In a few days, I'll be returning back to New York after spending three weeks in Southeast Asia. To be more specific, I've spent time in Thailand, Malaysia, and the Philippines. I've had the Lumia Icon with me, which comes unlocked out of the box by Verizon.

I've noticed my usage is a bit different compared to how I use the Icon back in the United States. Here are 7 apps that have become really handy while traveling in Southeast Asia.


My go-to app in the US for finding food spots is Yelp. I know can rely on the service to provide reviews and photos from its millions of users. Unfortunately, it's not available in the three countries I've visited. How would I know where to eat? Instead of panicking, I've started using three apps: Zomato, Foursquare, and Tripadvisor.

Zomato and Foursquare

The three apps are all great for giving restaurant suggestions, whether you are looking for breakfast, lunch, dinner, pubs, or snacks. There's no clear favorite. I use them all to read the reviews and look at user-submitted photos. I especially like that Zomato provides an estimated price for two people.

Things to do

I've already mentioned Tripadvisor for food recommendations above, but it's also great for finding attractions. For example, it was really useful in telling us which island hopping tours to take in Palawan and which beaches to visit. Instead of depending on our hotel's front desk, who might have other motives to suggest certain places, I read TripAdvisor reviews from several other people who have travelled in the area.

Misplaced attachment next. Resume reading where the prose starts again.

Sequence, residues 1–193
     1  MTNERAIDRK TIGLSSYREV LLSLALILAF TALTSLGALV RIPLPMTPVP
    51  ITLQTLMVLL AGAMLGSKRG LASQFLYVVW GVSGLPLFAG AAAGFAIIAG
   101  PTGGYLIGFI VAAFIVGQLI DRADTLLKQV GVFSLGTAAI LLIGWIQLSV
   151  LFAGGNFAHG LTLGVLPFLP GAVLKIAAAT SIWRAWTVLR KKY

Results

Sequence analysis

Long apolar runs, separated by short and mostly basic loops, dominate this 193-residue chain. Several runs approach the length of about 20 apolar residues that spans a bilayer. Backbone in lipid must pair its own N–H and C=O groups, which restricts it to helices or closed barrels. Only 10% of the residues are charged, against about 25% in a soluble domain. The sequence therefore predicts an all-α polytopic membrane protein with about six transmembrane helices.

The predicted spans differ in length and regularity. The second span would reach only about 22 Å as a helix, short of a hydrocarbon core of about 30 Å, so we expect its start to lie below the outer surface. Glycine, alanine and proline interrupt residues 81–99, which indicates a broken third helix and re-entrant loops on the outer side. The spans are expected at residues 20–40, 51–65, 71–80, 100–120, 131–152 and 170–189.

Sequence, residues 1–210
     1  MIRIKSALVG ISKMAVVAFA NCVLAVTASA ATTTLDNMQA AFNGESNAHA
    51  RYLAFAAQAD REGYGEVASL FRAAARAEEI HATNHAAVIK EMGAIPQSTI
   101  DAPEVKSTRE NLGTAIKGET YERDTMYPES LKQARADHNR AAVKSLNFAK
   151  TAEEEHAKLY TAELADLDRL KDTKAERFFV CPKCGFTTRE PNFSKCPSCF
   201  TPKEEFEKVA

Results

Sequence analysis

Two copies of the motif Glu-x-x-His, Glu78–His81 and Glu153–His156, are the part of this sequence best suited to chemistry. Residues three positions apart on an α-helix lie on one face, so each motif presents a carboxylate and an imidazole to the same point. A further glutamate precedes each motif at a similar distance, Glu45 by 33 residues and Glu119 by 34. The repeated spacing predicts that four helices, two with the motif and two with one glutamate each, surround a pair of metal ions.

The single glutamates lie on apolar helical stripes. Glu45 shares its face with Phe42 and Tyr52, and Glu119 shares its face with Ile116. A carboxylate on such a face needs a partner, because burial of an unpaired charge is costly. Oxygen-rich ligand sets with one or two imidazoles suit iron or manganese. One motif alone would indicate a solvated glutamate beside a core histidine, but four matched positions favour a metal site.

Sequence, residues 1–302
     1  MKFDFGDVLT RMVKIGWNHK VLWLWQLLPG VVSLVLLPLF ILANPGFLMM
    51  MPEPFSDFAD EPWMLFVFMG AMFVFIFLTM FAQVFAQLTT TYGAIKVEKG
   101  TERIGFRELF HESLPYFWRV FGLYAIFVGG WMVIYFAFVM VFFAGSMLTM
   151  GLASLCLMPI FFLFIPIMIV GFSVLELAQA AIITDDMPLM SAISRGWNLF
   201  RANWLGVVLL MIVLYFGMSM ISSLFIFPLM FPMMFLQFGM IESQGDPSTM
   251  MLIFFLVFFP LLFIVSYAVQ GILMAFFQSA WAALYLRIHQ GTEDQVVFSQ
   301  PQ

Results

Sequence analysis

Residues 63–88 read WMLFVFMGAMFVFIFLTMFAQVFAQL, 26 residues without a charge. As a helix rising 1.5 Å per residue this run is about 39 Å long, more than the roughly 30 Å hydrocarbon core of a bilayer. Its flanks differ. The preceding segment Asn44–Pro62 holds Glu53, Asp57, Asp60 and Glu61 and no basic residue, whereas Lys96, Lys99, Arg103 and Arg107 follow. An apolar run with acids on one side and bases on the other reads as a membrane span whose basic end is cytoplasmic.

Another useful tool while travelling is WikiTravel ( It's not an app, though. It provides great information on things to do and places to see. Simply use your web browser.

Getting around

I don't know if it's the way I look or speak, but many taxi drivers in Southeast Asia want to rip me off. Several times, drivers have refused to use the meter or only agree to flat rate prices that are more than double the usual amount. I'm glad Uber exists and I've used it several times on this trip.

One thing to note is that the Uber drivers see my American number on their app. They're unable to contact the number on my local prepaid SIM. I use the 'contact driver' option in the app, if I need to call or send an SMS to the driver for more details just in case.

Uber and Easy Taxi

Another service that is popular in Southeast Asia is EasyTaxi ( It's a little different from Uber. The app flags down a nearby taxi and you can track its location. The taxi will use the meter when they pick you up, but there is a small booking fee. The locals I've talked to use this service as well as a similar service called, GrabTaxi ( Unfortunately, GrabTaxi is currently unavailable for Windows Phone.

More travel tips

Before you leave home, I recommend downloading offline maps for HERE maps. It's not hard to get a prepaid SIM card for data when arriving at the airport, but it'll be a lot better if you already have the maps downloaded on your phone.

If you need help reading foreign menus or signs, the camera feature on Microsoft's Translator is pretty useful. It lets you point your phone towards the menu and translate the words on the screen.

Do you have any more tips or suggestions for people travelling in Southeast Asia or in general? Are there any other apps worth mentioning? Let us know in the comments!

Download the apps

  1. Zomato (Free)
  2. TripAdvisor (Free)
  3. Foursquare (Free)
  4. Uber (Free)
  5. EasyTaxi (Free)
  6. HERE Maps (Free)
  7. Bing Translator (Free)